Does Biotech Leadership have a glass ceiling?

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Does Biotech Leadership have a glass ceiling?
Does Biotech Leadership have a glass ceiling?

A Growing Industry Sector

The Biotech industry is one of the fasting growing sectors at almost 10% CAGR and is predicted to be worth over $750 billion by 2025.

In my role helping Biotech CEOs attract and hire executives to build their leadership teams, I can’t help but notice the lack of female leaders in the board room. And it isn’t just me who has noticed this – there have been several articles written in Biotech publications spotlighting the low number of people represented from minority backgrounds and women in significant leadership positions. While women in the industry are, in general, at a higher ratio than some other sectors – 65% in Pharma and Biotech compared to Tech (as low as 26%) or the Finance sector (46%) – women in top leadership positions are few and far between.  

That said, of the 10% of female CEOs within the sector, there is some real homegrown talent that we should applaud, and I am proud to have many of them in my network. I won’t address them individually, but these ladies are really at the top of their game in terms of driving growth and innovation within the organisations that they spearhead.

Let’s be clear though: I am not highlighting this sector as being a specific “hot spot” for gender inequalities. The gender gap at senior leadership levels is a well-documented one and has been for some time. There are still almost 25% of FTSE 500 companies who have no women in their executive committees. With so many highly qualified women possessing exemplary leadership abilities, why do they fail to rise to the top like their male counterparts?

It is evident that the obstacles to promotion seem greater as women move into more senior roles. Whether it be an unconscious bias that starts early in a girl’s life, the idea that women of childbearing age may have more family-orientated agendas, the isolation that comes with seniority, the self-limiting beliefs that are often more prevalent with women, the need to have more female role models in STEM fields – these are all contributing factors.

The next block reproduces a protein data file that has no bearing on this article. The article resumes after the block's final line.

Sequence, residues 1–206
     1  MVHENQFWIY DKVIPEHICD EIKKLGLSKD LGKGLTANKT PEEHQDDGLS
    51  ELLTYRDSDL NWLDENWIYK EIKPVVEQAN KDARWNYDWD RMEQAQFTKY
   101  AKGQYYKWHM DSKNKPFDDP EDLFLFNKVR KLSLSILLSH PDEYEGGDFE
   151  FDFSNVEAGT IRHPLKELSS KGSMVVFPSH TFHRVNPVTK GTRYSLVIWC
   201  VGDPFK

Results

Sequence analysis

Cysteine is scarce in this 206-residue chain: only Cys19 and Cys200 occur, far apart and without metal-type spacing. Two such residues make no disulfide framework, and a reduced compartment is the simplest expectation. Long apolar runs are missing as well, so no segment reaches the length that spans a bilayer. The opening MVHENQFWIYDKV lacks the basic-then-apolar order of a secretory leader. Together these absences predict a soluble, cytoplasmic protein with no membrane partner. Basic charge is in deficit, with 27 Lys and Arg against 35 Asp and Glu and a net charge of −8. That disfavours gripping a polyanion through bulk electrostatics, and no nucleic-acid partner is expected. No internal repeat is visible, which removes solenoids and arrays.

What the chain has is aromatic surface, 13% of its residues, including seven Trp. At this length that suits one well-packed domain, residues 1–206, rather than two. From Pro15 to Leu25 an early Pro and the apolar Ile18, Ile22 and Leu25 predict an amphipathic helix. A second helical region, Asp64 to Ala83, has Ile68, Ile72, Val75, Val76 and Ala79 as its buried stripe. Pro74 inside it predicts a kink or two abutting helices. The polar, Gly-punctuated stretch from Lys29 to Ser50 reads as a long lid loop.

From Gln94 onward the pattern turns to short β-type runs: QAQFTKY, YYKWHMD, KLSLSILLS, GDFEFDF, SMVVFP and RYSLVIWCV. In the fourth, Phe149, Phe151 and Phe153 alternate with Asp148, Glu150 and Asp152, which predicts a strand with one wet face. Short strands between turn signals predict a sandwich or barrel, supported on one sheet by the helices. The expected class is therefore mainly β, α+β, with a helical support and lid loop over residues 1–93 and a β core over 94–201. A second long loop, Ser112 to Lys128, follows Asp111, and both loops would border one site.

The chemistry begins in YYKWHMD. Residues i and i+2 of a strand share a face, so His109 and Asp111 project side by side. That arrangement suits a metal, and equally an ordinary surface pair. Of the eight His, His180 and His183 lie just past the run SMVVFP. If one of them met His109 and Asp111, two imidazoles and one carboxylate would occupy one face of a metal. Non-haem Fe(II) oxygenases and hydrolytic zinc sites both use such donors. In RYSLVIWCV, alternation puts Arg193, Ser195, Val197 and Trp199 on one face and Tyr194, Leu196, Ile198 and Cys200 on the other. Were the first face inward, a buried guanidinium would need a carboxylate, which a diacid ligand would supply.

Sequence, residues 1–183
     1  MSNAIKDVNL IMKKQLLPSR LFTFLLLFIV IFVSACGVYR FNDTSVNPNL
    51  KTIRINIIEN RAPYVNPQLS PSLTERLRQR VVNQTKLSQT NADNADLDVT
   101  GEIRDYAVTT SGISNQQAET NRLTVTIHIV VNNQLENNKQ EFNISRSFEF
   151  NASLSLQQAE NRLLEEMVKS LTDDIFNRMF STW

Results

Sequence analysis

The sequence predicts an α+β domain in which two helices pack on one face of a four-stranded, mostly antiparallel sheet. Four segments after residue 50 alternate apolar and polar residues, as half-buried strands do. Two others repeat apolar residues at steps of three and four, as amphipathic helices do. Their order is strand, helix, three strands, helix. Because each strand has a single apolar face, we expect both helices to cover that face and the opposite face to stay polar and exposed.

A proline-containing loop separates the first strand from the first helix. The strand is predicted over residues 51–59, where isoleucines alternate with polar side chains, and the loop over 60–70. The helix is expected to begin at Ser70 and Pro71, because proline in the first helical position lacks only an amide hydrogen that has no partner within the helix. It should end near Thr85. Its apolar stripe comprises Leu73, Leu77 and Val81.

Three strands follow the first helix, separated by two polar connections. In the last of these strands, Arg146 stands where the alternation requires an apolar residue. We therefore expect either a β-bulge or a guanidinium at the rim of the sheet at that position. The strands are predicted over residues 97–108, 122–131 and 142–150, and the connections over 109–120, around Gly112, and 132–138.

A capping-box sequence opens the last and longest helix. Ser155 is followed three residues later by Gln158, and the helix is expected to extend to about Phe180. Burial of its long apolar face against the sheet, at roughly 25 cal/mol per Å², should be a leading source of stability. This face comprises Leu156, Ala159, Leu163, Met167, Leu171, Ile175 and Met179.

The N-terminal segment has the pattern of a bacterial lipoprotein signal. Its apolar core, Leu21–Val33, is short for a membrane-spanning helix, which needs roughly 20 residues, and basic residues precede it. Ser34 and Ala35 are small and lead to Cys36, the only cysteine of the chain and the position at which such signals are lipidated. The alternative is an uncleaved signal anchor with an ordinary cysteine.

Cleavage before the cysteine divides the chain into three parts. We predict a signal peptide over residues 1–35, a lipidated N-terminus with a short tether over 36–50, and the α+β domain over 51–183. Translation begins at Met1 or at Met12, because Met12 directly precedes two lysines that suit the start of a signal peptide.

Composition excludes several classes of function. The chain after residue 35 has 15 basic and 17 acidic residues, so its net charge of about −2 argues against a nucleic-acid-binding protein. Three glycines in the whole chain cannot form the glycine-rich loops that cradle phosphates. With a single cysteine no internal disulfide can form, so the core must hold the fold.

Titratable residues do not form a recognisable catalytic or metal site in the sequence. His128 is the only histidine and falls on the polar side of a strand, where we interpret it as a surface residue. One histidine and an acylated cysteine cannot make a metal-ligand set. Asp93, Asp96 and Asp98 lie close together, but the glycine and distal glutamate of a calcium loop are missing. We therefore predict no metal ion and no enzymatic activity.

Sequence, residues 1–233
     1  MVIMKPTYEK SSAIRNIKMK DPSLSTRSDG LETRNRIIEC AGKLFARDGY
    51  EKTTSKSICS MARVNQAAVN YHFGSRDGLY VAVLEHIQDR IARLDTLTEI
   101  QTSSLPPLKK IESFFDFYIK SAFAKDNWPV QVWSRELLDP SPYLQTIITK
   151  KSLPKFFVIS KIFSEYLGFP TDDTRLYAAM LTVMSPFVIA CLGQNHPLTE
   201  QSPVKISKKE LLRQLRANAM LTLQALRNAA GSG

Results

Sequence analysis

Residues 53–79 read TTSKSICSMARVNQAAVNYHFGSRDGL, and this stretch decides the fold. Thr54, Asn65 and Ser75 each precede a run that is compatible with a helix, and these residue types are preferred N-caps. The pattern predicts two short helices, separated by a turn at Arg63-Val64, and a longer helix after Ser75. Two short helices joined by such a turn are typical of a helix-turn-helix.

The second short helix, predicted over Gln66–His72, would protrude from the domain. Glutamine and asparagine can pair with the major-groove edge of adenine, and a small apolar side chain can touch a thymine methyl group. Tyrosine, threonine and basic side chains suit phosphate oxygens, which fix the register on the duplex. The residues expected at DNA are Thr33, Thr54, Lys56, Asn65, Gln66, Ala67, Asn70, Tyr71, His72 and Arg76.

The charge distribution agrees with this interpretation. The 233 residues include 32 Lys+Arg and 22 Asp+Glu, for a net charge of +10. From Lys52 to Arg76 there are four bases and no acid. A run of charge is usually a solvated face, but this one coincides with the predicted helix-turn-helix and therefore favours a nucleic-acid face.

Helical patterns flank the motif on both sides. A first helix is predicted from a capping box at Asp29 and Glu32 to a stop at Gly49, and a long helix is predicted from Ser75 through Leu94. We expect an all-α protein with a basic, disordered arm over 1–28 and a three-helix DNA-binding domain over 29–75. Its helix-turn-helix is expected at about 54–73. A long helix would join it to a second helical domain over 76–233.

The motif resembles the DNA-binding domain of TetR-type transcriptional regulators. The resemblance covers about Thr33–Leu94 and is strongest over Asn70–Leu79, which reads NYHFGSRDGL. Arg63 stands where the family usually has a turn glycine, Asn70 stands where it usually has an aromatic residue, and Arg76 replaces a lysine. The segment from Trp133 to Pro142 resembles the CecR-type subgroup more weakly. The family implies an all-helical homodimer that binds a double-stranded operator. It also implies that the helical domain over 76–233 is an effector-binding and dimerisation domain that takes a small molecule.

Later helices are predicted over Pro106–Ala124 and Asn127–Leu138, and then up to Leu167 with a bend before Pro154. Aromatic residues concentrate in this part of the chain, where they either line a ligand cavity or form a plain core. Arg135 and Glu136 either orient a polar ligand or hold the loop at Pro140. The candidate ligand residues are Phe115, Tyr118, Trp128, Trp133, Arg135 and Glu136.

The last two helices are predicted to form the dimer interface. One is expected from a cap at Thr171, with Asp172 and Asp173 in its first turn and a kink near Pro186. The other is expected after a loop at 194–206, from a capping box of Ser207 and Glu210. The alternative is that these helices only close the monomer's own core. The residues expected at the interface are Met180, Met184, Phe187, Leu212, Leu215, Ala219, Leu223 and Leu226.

So, what does the future hold?

There have been several reports that Fortune 500 companies with diverse gender representation in their executive committees have a higher return on sales than those with fewer women by about 19%. If the financials need to do the talking, then this is a statistic cannot be overlooked!

Secondly, there are a number of initiatives led from the heart of the BIO committee that are actively looking to increase the number of women on executive boards to a minimum of 30% by 2025. This comes alongside vast improvements in networking events, resources and mentorship programmes all geared towards women in the industry. This not only allows participants to connect and collaborate with other women within their field, but it also creates a support network for those who do find the prospect of taking a significant leadership position daunting.

As I said at the start of this blog, there are undeniably some amazing women at the forefront of this industry, and we see the fruits of their leadership on a daily basis. But consider this for a moment – where could this sector be and what could it do if there was an even greater representation of women in leadership roles?

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